I am convinced that what Sheila describes will happen in one form or the other. It is not a question of “if” the government’s role in the mortgage market will change. It is a question of by how much and how fast it will change. We can do this over the next 10 years and suffer a lost decade or we can accelerate the process. Ms Bair is in the sooner versus later camp.
As you read through the speech (or the few snippets below) consider what she is saying in the broader context of the US housing market. It is clear to me that the changes to come will have a long-term deflationary impact on the housing market and the related industries. Should that be what’s in store, I am left wondering where the economic growth will come from.
A critical task lies before us: rebuilding U.S. mortgage finance on a sounder footing, not only to restore the confidence of homeowners, investors and lenders, but more fundamentally to restore balance to our broader economy.
If we are willing to take bold steps, and return to the fundamentals we can get back to a more rational world.
We must recognize that the financial crisis was triggered by a reckless departure from tried and true, common-sense loan underwriting practices.
Traditional mortgage lending worked so well in the past because lenders required sizeable down payments, solid borrower credit histories, proper income documentation, and sufficient income to make regular payments.
All told, over $2.1 trillion in private securities backed by risky subprime and Alt-A mortgages were issued between 2004 and 2006.
Market discipline was tossed to the wind. It explains why trillions of dollars in faulty mortgage paper was issued before the home price bubble finally collapsed.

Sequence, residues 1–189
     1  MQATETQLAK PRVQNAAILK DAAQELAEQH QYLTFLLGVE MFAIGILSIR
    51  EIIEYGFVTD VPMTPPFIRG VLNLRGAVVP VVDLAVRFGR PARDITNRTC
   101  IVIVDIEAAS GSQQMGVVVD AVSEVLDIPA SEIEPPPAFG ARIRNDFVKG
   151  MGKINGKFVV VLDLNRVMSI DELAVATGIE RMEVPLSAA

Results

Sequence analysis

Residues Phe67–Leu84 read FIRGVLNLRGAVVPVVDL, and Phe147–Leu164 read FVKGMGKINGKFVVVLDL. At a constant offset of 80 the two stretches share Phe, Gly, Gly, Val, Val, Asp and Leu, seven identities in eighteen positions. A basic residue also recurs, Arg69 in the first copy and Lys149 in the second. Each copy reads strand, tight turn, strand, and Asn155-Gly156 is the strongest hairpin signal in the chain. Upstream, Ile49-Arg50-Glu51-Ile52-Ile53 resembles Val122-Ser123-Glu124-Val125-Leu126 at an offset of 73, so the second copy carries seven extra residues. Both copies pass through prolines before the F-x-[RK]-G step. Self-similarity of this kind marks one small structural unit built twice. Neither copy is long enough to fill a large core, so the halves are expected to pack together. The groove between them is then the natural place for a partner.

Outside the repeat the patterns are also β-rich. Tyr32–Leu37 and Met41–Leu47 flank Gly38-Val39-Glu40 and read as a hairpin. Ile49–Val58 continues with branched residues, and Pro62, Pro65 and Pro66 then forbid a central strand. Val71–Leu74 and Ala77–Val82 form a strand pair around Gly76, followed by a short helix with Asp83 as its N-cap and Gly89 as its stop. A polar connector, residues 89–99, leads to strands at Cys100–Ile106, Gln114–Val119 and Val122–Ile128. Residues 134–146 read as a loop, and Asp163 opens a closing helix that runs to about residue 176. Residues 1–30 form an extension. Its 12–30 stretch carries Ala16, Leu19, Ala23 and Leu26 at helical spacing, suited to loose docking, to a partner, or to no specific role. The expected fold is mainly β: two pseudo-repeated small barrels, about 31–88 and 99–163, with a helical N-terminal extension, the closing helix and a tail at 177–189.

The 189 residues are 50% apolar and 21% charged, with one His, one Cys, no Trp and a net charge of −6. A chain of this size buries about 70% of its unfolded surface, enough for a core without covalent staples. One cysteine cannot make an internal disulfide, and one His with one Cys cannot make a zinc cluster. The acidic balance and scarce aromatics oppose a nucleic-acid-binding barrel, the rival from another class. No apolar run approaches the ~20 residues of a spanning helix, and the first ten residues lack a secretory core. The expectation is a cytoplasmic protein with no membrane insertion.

We need to have some basic underwriting guidelines that apply to all mortgages. Basic limits on loan-to-value and debt-to-income ratios, and consistent documentation requirements should be set for any loans held by a depository institution or sold to a securitization trust.
In 2009, the FHA and the GSEs accounted for 95 percent of total U.S. mortgage originations.
Does it make sense for the federal government to subsidize homeownership in an amount three times greater than the subsidy to rental housing? In the end, these subsidies have helped to promote homeownership, but have failed to deliver long-term prosperity.
Homeownership was once regarded as a tool for building household wealth, in the crisis it has instead consumed the wealth of many households.
The financial crisis and the Great Recession it spawned threw 8 million people out of work, reduced our GDP by about 3 percent, caused a huge increase in federal debt, and virtually wiped out the entire net income of FDIC-insured institutions for at least a two-year period.
We need to get back to a world where our financial sector supports the functioning of our economy, and not the other way around.